Zimbabwe has given those fortunate enough to have acquired vehicles until December 31 to drive back to South Africa, after issuing them prohibitive Temporary Import Permits (TIPs) timed to expire with their special Zimbabwe Exemption Permits.
South Africa has said the permits are valid for another year, but the passports of nearly 250,000 permit holders have not been stamped to reflect this. Zimbabwe’s tax agency said the vehicles should leave by December 31, 2021, in strict compliance with rules governing the issuance of TIPs.
Affected Zimbabweans have decried the ZIMRA stance which they said was harsh.
In a statement to ZimLive on Thursday, ZIMRA defended its decision, insisting that it relied on the information on passports, not public statements by South African officials.
“Temporary importation permits for foreign registered motor vehicles are issued to the importers of such vehicles who meet the status of a visitor to Zimbabwe. This includes importers who are not Zimbabweans and are ordinarily resident in a foreign land. Zimbabweans who are permanently or temporarily resident in a foreign land also qualify for this privilege,” ZIMRA corporate affairs executive Gladman Njanji said.
“The Zimbabwean residents covered by the current temporary South African resident permits qualify on this basis, only to the extent that they remain so in terms of the validity period of those temporary resident permits.
“The temporary import permit is issued as part of rebates and privilege extended to qualifying importers, dependent on their visitor status and the validity period of such status as denoted by the expiry dates of any permit or the residence status denoted by their travel document.”
Typically, TIPs are valid for 30 days. But ZIMRA insists that because the passports of some 250,000 Zimbabweans state that their special permits will expire this December 31, it legally cannot issue them TIPs past that date.
Zimbabweans with the special permits who arrived just before or after Christmas were given under a week to leave.
ZIMRA said this does not affect foreigners and Zimbabweans holding long-term work or other permits from countries they came from.
“It’s cruelty, there is no other word for it,” a cross-border transporter told ZimLive from Mac’s Garage in Bulawayo as he prepared to make his way back to South Africa.
He said the ZIMRA directive, while it appeared not to cover Zimbabweans without those special permits, ultimately affected everyone because tens of thousands of people got lifts from the special permit holders.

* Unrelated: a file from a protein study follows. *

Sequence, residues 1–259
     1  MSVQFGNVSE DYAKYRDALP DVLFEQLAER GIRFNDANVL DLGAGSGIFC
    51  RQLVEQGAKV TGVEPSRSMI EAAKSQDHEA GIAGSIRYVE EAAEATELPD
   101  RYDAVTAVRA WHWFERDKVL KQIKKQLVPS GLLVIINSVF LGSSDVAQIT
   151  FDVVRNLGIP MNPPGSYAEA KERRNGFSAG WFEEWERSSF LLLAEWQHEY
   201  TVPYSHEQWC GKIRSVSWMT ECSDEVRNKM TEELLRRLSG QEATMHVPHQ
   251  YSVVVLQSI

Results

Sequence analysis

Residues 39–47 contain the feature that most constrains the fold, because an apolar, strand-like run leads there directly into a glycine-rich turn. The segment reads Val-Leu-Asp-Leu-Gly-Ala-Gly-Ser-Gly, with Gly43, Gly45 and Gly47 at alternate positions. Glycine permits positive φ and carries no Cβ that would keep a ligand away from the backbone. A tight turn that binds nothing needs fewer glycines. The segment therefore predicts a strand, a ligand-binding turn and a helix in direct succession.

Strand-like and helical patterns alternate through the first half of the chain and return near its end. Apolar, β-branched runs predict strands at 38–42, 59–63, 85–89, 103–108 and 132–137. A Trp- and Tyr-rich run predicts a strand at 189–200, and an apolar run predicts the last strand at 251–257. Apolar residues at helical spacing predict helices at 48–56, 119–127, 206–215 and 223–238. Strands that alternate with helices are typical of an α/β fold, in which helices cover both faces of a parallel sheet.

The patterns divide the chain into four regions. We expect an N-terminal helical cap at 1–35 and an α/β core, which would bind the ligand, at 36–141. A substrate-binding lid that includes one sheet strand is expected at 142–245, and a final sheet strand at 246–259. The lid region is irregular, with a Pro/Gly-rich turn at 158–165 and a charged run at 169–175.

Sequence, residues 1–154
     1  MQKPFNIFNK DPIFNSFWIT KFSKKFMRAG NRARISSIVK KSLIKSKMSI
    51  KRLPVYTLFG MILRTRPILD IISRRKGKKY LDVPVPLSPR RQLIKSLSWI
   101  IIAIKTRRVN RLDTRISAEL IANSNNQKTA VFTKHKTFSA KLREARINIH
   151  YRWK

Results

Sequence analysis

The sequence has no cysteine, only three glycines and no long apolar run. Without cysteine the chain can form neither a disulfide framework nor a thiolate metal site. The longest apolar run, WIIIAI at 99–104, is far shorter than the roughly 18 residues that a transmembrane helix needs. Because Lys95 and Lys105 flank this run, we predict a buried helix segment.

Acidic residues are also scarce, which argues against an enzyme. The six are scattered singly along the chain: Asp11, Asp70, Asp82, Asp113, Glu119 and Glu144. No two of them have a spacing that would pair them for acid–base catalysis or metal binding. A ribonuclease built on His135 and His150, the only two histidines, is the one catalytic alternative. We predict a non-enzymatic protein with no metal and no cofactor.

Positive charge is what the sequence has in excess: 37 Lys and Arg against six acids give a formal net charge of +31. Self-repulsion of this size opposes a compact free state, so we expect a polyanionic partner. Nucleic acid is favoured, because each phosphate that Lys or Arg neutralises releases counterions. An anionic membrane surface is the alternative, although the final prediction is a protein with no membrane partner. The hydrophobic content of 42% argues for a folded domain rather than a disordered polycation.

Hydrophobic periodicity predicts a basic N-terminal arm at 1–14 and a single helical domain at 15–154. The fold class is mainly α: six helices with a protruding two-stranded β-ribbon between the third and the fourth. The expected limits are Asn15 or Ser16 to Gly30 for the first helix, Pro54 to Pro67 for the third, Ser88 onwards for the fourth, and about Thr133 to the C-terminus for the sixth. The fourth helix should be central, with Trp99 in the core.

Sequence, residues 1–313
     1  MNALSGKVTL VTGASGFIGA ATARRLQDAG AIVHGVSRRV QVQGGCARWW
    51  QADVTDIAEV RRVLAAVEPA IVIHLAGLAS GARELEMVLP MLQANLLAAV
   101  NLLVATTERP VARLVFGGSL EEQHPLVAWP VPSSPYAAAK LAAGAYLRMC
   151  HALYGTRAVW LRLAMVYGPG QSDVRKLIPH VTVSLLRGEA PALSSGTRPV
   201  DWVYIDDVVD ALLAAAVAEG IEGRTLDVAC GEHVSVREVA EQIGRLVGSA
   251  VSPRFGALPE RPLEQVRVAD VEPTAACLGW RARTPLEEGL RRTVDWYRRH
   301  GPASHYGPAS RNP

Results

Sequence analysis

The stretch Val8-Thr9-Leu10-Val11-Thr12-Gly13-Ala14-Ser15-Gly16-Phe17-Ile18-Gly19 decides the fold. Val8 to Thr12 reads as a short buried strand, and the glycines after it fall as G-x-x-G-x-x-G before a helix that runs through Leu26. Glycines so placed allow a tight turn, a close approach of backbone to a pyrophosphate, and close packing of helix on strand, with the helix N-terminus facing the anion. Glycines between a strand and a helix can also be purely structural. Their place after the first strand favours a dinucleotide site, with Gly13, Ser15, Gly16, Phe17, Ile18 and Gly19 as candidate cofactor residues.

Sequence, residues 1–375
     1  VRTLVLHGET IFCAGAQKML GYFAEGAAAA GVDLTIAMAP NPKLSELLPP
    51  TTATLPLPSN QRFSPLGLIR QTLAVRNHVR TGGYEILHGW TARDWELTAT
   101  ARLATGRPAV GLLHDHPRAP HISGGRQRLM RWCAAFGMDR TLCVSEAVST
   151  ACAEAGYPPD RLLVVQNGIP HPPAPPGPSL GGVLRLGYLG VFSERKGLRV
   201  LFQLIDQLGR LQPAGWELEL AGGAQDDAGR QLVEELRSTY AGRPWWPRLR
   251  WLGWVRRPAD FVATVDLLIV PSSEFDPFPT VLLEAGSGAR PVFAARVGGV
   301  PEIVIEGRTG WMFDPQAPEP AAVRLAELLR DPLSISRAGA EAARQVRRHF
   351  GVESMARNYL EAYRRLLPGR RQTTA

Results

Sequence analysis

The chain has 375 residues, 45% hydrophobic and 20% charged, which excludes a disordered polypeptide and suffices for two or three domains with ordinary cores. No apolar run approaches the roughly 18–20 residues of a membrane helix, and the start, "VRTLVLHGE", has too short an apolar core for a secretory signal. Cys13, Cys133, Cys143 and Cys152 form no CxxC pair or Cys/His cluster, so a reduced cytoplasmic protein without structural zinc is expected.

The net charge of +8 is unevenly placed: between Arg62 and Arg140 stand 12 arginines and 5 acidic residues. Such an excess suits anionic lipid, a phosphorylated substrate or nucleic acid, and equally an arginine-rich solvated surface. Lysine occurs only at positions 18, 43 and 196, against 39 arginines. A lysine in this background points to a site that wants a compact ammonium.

It is also not uncommon for undocumented Zimbabweans who own vehicles to ask permit holders to drive their vehicles into Zimbabwe.
Mxolisi Dube, one of scores waiting for transport at Mac’s Garage, said: “The Zimbabwe government must have a department whose purpose it is to devise ways to make people suffer. How else can one explain this decision which completely ignores specific information provided by South Africa’s cabinet that these permits remain valid?”
Dube, who arrived in Zimbabwe on December 22, said he had looked forward to spending time with his family.
In April 2009, South Africa’s cabinet approved what was known as the Dispensation of Zimbabweans Project (DZP) in a bid to document Zimbabweans living and working illegally in Africa’s most industrialised nation.
Some 295,000 Zimbabweans applied for the five-year permits and just over 245,000 were issued, allowing permit holders to work, conduct business and study in South Africa.
Those permits started expiring in December 2014, prompting the government to introduce a new permit scheme called the Zimbabwean Special Dispensation Permits (ZSPs), which were valid for three years.
Nearly 198,000 ZSPs were issued, according to the Department of Home Affairs. When the ZSPs expired in 2017 they were replaced by Zimbabwean Exemption Permits, or ZEPs, with nearly 250,000 beneficiaries.
Late last month, South Africa’s cabinet announced it would not be renewing the permits when they expire on December 31. It advised the special permit holders to apply for other mainstream permits during a 12-month grace period.
On Thursday, South Africa’s home affairs minister Aaron Motsoaledi said that the scrapping of the Zimbabwean Exemption Permits was in fact beneficial for some holders, who would have otherwise been barred from applying for any other permit to stay in South Africa.
The minister said that one of the conditions for the permit was that holders could not apply for any other permit in South Africa, which limited them.
He explained: “When you are a foreign national and you get married to a South African, you are entitled to apply for citizenship simply for permanent reasons by virtue of being made into a South African. The problem with this Zimbabwean special permit is that one of the conditions is that you don’t qualify for any other benefits, so it will help them when we stop this because we’ll remove the special conditions.”